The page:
Drawing the Circus with Briony May Smith

  • Nell & the Circus of Dreams

The award-winning illustrator tells us about her work on Nell Gifford’s first children’s book, Nell & the Circus of Dreams

Briony, how did you develop the look of the main character, Nell?

Nell [Gifford] and Oxford University Press had a fair idea going into the project of what Nell and the circus family might look like. I think she embodies the spirit of a little Nell Gifford, so she was always going to be blonde and, since she lives on a farm, she had her wellies from the earliest character sketches. Horses play a significant role at Giffords, and from Nell’s autobiography and seeing the show myself, I put a horse pattern onto the character’s dressing gown to reinforce this.

What are some of the unique challenges involved in drawing a circus?

There are always multiple characters, performers, circus crew, families, animals, in every scene, from the set up of the circus, the performance, to packing up and going home. This makes every page very detailed, which is lots of fun because you can hide lots of scenes for children to spot! But it also means it takes a long time to get right, with the perspective, and making sure all the characters and their clothing don’t overpower or ruin the aesthetic of the overall spread.

Do you have a favourite spread or illustration from the finished book?

I really enjoyed drawing the scene where Nell was just about to enter the circus world, running up the meadow towards the wagons. I had lots of fun trying to make it look like the sunrise was just starting to light up the hill, and colouring each individual flower!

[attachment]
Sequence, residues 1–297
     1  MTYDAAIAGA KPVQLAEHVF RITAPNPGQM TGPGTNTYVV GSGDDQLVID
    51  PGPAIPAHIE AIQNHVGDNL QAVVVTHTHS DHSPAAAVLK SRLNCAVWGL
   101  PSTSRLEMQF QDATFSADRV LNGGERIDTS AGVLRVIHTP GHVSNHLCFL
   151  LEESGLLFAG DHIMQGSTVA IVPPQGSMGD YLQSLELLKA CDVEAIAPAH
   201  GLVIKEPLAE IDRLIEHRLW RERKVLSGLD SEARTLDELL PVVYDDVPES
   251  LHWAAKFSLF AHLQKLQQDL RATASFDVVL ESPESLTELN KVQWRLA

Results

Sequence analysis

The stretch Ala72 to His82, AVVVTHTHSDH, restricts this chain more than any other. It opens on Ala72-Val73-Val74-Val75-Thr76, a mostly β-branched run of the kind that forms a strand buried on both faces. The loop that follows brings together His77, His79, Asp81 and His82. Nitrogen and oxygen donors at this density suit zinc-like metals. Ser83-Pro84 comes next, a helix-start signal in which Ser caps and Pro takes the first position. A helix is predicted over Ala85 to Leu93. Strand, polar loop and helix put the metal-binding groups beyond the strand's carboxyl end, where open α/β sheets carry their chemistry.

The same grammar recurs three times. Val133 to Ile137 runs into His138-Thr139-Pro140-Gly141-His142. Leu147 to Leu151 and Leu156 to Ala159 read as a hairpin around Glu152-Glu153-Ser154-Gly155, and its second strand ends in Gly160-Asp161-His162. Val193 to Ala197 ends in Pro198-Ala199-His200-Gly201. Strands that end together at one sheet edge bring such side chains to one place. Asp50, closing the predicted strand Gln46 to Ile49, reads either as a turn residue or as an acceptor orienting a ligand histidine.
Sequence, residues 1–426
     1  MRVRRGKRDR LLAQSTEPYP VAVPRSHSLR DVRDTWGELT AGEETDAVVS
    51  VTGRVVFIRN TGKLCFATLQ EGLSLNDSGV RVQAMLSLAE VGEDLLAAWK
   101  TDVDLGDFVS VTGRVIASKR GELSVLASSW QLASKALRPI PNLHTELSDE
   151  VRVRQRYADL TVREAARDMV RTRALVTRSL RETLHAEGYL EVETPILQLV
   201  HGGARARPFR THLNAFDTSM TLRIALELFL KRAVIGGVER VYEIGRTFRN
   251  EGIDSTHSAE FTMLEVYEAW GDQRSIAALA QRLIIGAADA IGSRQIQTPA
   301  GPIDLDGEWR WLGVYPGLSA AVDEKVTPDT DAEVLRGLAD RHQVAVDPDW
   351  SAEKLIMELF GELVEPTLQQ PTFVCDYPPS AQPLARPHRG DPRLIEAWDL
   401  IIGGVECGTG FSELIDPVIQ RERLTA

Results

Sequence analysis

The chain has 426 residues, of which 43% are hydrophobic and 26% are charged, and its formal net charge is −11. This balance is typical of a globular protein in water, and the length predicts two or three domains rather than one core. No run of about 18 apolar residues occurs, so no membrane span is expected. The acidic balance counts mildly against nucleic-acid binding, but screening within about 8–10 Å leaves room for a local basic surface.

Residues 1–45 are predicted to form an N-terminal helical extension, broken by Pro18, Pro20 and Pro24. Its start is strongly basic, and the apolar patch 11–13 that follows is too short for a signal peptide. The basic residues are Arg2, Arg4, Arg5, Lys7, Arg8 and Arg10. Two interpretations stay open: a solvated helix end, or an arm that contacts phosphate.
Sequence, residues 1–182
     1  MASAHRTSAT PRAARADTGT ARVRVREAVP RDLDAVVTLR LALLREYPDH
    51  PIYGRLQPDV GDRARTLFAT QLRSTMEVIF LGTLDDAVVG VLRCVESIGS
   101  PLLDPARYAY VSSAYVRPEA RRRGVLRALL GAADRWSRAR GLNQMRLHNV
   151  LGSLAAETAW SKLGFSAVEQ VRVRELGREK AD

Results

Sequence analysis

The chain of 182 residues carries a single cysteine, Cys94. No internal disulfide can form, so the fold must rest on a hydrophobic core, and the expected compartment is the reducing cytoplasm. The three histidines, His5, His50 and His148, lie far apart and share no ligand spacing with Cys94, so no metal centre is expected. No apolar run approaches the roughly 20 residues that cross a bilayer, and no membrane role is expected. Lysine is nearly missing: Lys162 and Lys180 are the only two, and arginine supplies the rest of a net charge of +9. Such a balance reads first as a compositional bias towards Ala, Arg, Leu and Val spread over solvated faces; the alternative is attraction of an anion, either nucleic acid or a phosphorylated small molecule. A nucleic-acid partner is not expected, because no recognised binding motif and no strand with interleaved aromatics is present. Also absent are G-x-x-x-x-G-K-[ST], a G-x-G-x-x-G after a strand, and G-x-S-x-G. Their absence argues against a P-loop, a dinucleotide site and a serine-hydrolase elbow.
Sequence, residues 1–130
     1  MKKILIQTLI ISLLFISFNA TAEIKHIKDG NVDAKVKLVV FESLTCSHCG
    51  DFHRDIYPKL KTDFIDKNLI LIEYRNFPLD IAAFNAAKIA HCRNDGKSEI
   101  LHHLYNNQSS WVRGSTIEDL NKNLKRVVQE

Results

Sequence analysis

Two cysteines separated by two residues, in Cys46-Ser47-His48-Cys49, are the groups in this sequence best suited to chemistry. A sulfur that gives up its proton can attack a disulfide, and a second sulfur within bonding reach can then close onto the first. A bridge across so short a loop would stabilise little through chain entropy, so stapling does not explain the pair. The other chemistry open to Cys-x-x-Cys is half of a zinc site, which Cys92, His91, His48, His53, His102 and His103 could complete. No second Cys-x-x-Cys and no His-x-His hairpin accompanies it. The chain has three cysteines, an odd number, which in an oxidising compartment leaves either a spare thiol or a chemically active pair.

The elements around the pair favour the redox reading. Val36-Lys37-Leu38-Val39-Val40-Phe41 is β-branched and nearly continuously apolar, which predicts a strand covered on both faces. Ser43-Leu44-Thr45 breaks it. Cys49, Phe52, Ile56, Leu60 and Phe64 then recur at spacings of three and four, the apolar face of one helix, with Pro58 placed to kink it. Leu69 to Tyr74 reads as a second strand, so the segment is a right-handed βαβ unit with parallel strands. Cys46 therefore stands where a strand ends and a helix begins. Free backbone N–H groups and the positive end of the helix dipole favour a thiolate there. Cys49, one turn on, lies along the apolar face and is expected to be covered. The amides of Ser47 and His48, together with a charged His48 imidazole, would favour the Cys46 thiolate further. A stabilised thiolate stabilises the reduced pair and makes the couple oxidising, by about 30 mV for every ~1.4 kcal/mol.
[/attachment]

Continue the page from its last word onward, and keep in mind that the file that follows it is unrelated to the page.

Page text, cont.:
When was your first visit to Giffords, and what were your impressions?

It was over the Summer in 2017. First was to the circus headquarters, when rehearsals for the show were underway, and then again a few months later to see the show itself. I loved the care and attention that went into the appearance of the circus, the tent itself, to the wagons and caravans the circus sold merchandise in, and the crew stayed in. There was always a buzz of activity surrounding and leading up to the show. The show itself was fantastic, it was thrilling to watch the acrobatics, and the horses were amazing. The glittering costumes and set were really inspiring and really helped me to imagine the sort of circus that the picture book would contain.

Did you ever want to run away and join the circus, as the real-life Nell did? Or did you always dream of being an illustrator?

I think, like Nell, I’ve been very lucky in that I have always known what I wanted to be, and this was indeed to be a children’s book illustrator! I did enjoy being up on stage at school (apparently I stormed off a stage as a toddler at ballet - I don’t remember this) but I knew that I would have to do something in art. But the great thing about all my favourite subjects at school is that they all fed into each other. And so I think there’s a little of the circus world in there, I just didn’t pack my trunk.

What words of advice would you give to children who’d like to become illustrators or artists?

My own experience has been, keeping a sketchbook and drawing all the time (which is easy when you want to draw all the time) will help you develop as an artist. You will constantly be improving, and that’s the great thing about drawing. Practical advice would be, you should look at what you’re drawing more than the piece of paper - I personally believe observing is a major part of development. It helps to have varied interests, consume culture and read, too, to build up the scope of your imagination.

Find out more about Briony at www.brionymaysmith.com